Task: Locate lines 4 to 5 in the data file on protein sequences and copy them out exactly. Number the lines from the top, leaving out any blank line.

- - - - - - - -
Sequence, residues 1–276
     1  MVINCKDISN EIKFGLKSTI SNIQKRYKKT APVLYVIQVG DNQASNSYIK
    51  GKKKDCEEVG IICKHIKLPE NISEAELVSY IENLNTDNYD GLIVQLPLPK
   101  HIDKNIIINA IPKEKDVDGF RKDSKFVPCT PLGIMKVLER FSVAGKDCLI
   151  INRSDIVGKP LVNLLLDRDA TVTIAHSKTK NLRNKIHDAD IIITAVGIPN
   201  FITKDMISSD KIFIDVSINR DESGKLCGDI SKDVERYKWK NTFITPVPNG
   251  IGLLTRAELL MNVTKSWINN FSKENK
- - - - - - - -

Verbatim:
   101  HIDKNIIINA IPKEKDVDGF RKDSKFVPCT PLGIMKVLER FSVAGKDCLI
   151  INRSDIVGKP LVNLLLDRDA TVTIAHSKTK NLRNKIHDAD IIITAVGIPN